Tag Archives: chess sacrifice

Chess Sacrifice as a Chess Tactics: recovering the investment with interest

Filed under Attacking tactics, Chess lessons, Chess tactics
Tagged as , , ,

You have seen the most common uses of a sacrifice in Chess Sacrifice as Chess Tactics, beginning with the most direct aim of ensnaring opponent’s King to less direct ones that help to create positions facilitating the march to that ultimate end. A successful sacrifice is an investment that brings you the win as a return on that investment.

This last article in the series (even though we may bring you more examples of the same ideas) on using sacrifices as chess tactics, we will just consider its plundering role. Here the attacker made investment of a sacrifice to recover after a stage enough material to compensate for the initial loss and by a general rule, a preponderance of material gives you enough advantage to win the game (excepting in some special situations). In such games, when the defender resigns considering his situation as hopeless, the commentators mostly sign off by saying ‘(… cannot avoid ruinous loss of material to save mate)!

However, since plundering is not the primary aim of sacrifice, the material gain is at best an indirect fall-out and you may have to remain satisfied with it at least for the time being. This happens when your main thrust to bring down the opponent’s King gets parried by your never-say-die opponent through such drastic measures as suffering significant material loss with a hope to fight another day!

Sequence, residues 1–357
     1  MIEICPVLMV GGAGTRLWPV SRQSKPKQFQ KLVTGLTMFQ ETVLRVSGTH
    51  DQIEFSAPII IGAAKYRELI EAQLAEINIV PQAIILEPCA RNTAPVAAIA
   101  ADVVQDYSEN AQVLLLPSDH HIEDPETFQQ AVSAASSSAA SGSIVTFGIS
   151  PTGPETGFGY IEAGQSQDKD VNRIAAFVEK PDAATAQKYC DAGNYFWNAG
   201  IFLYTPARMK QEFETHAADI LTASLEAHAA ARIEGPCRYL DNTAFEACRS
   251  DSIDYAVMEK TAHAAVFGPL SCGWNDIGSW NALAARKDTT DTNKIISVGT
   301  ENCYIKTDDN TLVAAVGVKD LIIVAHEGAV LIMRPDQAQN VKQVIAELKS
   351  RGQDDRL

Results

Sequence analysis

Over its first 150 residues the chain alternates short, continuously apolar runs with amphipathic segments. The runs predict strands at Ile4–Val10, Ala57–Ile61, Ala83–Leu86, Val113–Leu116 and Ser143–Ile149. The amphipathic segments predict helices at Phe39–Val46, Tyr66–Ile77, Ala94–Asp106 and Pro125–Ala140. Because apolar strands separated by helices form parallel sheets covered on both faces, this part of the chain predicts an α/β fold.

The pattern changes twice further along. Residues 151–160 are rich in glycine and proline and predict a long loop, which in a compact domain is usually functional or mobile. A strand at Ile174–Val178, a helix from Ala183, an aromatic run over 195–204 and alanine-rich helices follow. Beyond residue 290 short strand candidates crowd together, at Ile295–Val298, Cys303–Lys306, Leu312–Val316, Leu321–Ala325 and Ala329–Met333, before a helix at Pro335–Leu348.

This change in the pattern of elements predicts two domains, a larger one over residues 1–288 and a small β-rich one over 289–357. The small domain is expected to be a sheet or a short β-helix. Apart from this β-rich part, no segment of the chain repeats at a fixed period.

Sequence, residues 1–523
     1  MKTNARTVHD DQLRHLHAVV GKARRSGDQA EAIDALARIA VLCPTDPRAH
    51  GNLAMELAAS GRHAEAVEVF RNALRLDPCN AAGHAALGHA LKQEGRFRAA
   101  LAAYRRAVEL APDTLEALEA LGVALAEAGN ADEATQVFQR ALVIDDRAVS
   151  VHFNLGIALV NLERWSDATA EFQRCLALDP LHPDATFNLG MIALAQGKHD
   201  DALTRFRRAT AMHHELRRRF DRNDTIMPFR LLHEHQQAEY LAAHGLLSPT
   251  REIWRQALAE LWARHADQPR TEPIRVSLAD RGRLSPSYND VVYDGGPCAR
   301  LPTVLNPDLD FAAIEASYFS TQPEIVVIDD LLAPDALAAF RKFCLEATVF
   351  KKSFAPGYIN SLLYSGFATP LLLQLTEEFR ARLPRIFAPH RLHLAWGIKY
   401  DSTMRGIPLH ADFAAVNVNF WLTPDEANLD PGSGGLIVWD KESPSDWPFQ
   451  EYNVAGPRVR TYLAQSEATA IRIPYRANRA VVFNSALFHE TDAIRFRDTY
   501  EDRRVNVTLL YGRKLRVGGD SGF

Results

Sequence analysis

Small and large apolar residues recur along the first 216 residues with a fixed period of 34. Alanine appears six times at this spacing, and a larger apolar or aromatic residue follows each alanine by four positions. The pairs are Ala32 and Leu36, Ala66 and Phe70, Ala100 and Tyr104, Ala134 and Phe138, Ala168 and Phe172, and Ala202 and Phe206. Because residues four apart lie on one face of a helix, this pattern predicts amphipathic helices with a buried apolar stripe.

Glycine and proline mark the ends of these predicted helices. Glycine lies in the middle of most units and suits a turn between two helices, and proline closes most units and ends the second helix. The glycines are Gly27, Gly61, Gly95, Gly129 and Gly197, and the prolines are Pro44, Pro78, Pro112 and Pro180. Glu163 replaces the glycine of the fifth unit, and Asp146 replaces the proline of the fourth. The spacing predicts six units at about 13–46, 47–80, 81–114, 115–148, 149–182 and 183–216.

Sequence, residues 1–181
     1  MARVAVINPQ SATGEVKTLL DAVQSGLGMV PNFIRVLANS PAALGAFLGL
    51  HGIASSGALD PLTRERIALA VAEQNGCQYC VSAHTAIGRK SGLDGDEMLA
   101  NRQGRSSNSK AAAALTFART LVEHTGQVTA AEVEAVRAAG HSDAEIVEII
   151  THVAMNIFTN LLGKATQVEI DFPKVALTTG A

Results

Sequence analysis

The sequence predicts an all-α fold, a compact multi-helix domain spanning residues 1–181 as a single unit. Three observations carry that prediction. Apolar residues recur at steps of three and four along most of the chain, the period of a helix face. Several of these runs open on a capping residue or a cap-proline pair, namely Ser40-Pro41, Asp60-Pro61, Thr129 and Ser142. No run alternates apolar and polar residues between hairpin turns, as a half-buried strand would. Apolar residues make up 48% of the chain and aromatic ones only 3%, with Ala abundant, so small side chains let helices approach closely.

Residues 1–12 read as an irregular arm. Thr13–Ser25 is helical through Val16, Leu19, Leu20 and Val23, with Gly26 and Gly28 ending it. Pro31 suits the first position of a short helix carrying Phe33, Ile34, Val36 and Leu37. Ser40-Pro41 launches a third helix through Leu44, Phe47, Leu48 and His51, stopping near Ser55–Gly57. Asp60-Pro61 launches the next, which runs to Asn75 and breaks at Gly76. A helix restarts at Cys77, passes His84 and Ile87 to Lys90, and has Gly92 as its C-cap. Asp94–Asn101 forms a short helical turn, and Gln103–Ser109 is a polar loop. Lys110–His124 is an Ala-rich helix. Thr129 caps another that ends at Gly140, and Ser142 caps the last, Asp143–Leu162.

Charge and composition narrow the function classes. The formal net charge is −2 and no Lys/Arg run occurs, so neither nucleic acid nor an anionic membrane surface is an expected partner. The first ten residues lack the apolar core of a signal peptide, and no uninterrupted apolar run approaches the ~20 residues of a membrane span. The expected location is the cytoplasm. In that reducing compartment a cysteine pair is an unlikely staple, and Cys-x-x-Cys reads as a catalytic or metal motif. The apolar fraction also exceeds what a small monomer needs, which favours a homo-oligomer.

In the example chosen, Black’s sacrifice (Rook against a Bishop) was aimed at cornering the King and creating checkmate. So he disdainfully rejects the opportunity for capturing the Queen, and makes the further offer of a Knight. When White realized that accepting the Knight meant immediate checkmate and rejecting the offer meant losing the Rook and Queen to the Knight without even the benefit of its capture, he gave up the fight!

The game was played between John Schulten and Paul Morphy at New Orleans in 1857.

John William Schulten (1821–1875) was a chess master of German origin from the United States. In the 1840s and 1850s, he traveled widely in Europe and the United States to play some of the best chess players in the world but ended up losing most of his games.

Paul Morphy (1837-1884) is a legend in chess history. He was a chess prodigy and was supposed to have learnt it by seeing others play. He became the US champion in 1857 and traveled to Europe to play most of the top players of his time and defeated all including Anderssen, but excepting Staunton who refused to play him. He was considered the strongest player of his time and the unofficial World Champion. But his effective chess career lasted for only about two years from 1857 to 1859. He tried to settle down in his chosen profession of law but his fame as a chess player possibly stood in his way to become a successful lawyer. He had his family fortune to support him but spent his remaining years in a kind of idleness as he refused to return to the world of chess. This may be the reason one of his biographers referred to him as the “pride and sorrow of chess”.

To quote GM Nigel Short on his views on the chess of Paul Morphy: